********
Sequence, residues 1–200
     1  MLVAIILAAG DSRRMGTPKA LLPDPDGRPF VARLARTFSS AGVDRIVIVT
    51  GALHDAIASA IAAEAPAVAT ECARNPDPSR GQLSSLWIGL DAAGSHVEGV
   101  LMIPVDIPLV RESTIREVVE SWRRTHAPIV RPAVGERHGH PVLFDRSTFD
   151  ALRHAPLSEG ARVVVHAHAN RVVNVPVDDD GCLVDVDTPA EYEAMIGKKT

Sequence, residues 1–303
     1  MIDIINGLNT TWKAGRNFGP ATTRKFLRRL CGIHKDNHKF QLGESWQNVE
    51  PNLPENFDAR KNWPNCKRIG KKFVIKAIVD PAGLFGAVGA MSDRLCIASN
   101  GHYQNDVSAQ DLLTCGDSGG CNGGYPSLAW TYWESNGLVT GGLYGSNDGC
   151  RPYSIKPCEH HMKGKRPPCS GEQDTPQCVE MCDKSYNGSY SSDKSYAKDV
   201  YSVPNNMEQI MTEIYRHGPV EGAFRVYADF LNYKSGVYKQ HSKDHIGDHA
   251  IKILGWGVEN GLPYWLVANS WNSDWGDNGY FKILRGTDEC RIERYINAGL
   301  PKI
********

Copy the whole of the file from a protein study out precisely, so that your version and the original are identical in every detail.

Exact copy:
Sequence, residues 1–200
     1  MLVAIILAAG DSRRMGTPKA LLPDPDGRPF VARLARTFSS AGVDRIVIVT
    51  GALHDAIASA IAAEAPAVAT ECARNPDPSR GQLSSLWIGL DAAGSHVEGV
   101  LMIPVDIPLV RESTIREVVE SWRRTHAPIV RPAVGERHGH PVLFDRSTFD
   151  ALRHAPLSEG ARVVVHAHAN RVVNVPVDDD GCLVDVDTPA EYEAMIGKKT

Sequence, residues 1–303
     1  MIDIINGLNT TWKAGRNFGP ATTRKFLRRL CGIHKDNHKF QLGESWQNVE
    51  PNLPENFDAR KNWPNCKRIG KKFVIKAIVD PAGLFGAVGA MSDRLCIASN
   101  GHYQNDVSAQ DLLTCGDSGG CNGGYPSLAW TYWESNGLVT GGLYGSNDGC
   151  RPYSIKPCEH HMKGKRPPCS GEQDTPQCVE MCDKSYNGSY SSDKSYAKDV
   201  YSVPNNMEQI MTEIYRHGPV EGAFRVYADF LNYKSGVYKQ HSKDHIGDHA
   251  IKILGWGVEN GLPYWLVANS WNSDWGDNGY FKILRGTDEC RIERYINAGL
   301  PKI